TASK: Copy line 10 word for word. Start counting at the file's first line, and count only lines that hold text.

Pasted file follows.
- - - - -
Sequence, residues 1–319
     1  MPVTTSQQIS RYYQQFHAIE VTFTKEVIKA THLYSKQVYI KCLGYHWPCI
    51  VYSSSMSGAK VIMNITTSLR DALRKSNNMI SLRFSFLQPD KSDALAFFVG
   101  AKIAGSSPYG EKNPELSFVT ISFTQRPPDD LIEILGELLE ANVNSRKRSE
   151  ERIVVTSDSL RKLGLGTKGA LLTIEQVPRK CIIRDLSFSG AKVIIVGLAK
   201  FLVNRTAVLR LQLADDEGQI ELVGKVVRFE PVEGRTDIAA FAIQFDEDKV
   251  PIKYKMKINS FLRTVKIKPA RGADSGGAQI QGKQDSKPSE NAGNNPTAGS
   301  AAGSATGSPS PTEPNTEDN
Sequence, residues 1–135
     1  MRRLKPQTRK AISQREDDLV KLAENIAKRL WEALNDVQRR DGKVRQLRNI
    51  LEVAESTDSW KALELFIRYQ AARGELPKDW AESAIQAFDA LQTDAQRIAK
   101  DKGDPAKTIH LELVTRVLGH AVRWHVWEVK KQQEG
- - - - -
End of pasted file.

     1  MRRLKPQTRK AISQREDDLV KLAENIAKRL WEALNDVQRR DGKVRQLRNI